State Sen. Leticia Van de Putte, the Democratic nominee for lieutenant governor, says the state should pay college students’ tuition and fees for two years if they attend a public community college in the state.
In a higher education proposal announced Thursday, Van de Putte called for amending the state Constitution to create the “Texas Promise Scholarship Program” by pulling $2 billion from the state’s Rainy Day Fund to underwrite scholarships for some high school graduates who are planning to attend a community college, technical college or a two-year state institution.
Among the scholarship requirements under her proposal, students would have to graduate from a Texas high school and qualify for in-state tuition. They would also be required to apply for federal or state financial assistance and apply those funds toward tuition and fees before receiving money from the Texas Promise program.
Van de Putte said her higher education plan is intended to remove barriers students face in obtaining degrees and jobs. She said that the program would benefit students who don't qualify for existing state higher education grants and have not received merit-based scholarships.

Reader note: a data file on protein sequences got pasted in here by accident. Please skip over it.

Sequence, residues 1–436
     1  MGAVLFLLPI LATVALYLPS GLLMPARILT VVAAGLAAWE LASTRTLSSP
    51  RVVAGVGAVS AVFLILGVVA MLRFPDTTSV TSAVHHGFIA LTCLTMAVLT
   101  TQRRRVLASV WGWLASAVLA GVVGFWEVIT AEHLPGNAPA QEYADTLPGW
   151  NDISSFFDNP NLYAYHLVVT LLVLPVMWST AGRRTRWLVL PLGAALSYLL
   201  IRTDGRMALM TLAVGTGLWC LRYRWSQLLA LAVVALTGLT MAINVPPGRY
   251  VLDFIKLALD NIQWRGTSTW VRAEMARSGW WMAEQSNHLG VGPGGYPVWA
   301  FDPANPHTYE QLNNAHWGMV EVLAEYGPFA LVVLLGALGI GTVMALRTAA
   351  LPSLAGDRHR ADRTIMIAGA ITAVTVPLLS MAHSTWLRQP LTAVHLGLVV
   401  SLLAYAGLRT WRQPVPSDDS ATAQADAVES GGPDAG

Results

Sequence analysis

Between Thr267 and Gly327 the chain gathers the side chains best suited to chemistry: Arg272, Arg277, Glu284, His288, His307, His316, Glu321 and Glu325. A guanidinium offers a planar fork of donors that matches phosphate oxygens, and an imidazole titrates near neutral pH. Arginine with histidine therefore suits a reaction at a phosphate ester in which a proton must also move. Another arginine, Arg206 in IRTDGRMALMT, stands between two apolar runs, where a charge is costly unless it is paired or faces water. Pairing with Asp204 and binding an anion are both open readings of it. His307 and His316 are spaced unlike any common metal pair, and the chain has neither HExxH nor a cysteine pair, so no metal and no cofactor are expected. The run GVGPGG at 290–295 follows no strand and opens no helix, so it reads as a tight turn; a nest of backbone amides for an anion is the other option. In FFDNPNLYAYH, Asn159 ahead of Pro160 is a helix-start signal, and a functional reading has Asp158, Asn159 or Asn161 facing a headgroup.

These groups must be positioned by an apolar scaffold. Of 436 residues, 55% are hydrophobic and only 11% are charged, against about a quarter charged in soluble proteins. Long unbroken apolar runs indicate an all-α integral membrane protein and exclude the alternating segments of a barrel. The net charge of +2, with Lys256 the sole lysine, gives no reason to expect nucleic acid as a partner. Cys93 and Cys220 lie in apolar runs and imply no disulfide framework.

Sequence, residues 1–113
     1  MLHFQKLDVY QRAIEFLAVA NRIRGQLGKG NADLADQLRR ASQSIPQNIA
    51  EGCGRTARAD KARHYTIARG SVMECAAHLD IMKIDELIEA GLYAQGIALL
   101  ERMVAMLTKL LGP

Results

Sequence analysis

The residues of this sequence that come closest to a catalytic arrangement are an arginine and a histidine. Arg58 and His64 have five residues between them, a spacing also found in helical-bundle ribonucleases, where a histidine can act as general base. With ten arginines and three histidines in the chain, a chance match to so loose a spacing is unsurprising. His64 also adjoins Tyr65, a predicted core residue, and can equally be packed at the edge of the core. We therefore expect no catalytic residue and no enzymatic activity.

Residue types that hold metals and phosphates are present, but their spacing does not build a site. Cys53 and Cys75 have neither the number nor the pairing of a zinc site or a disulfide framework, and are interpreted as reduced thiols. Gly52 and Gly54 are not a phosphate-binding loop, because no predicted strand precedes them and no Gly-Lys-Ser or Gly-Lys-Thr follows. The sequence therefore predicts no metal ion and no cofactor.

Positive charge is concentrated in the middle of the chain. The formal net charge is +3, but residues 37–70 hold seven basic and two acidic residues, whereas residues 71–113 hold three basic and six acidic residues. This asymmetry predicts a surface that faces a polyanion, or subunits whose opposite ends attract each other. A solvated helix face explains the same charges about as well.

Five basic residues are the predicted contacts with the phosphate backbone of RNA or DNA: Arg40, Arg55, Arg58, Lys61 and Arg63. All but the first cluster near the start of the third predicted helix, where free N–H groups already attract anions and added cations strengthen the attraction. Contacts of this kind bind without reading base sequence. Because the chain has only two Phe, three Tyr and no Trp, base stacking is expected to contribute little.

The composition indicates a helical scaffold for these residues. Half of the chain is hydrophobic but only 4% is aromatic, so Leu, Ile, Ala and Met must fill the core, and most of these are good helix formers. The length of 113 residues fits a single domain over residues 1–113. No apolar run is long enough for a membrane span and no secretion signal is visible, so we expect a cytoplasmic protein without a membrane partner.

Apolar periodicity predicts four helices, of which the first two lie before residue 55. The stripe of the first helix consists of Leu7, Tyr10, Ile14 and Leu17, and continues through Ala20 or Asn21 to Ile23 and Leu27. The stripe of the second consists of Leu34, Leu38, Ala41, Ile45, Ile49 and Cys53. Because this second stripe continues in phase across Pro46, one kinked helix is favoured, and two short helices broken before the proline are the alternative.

“Every hard-working high school graduate in Texas deserves an opportunity to go to college, receive technical education and obtain post-high school credentials,” Van de Putte said in a statement. “It is time to get Texans prepared for the jobs of the future.”
Van de Putte’s proposal is based on a similar program called the “Tennessee Promise,” which her campaign highlighted was signed into law by a Republican governor and received bipartisan support.
Alejandro Garcia, a spokesman for her Republican opponent state Sen. Dan Patrick, criticized Van de Putte’s plan because it would increase spending. He added that Patrick had worked to create partnerships between school districts and higher education institutions by reforming graduation plans at no financial cost to the state.
“Van de Putte has simply recycled the Tennessee Promise and claimed it her own,” Garcia said. “Once again, she has chosen to spend more money to achieve less.”
Van de Putte’s campaign emphasized that the program would not require imposing new taxes because it would be funded using interest from the $2 billion worth of existing funds that would be allocated to the Texas Promise fund if voters approve the constitutional amendment.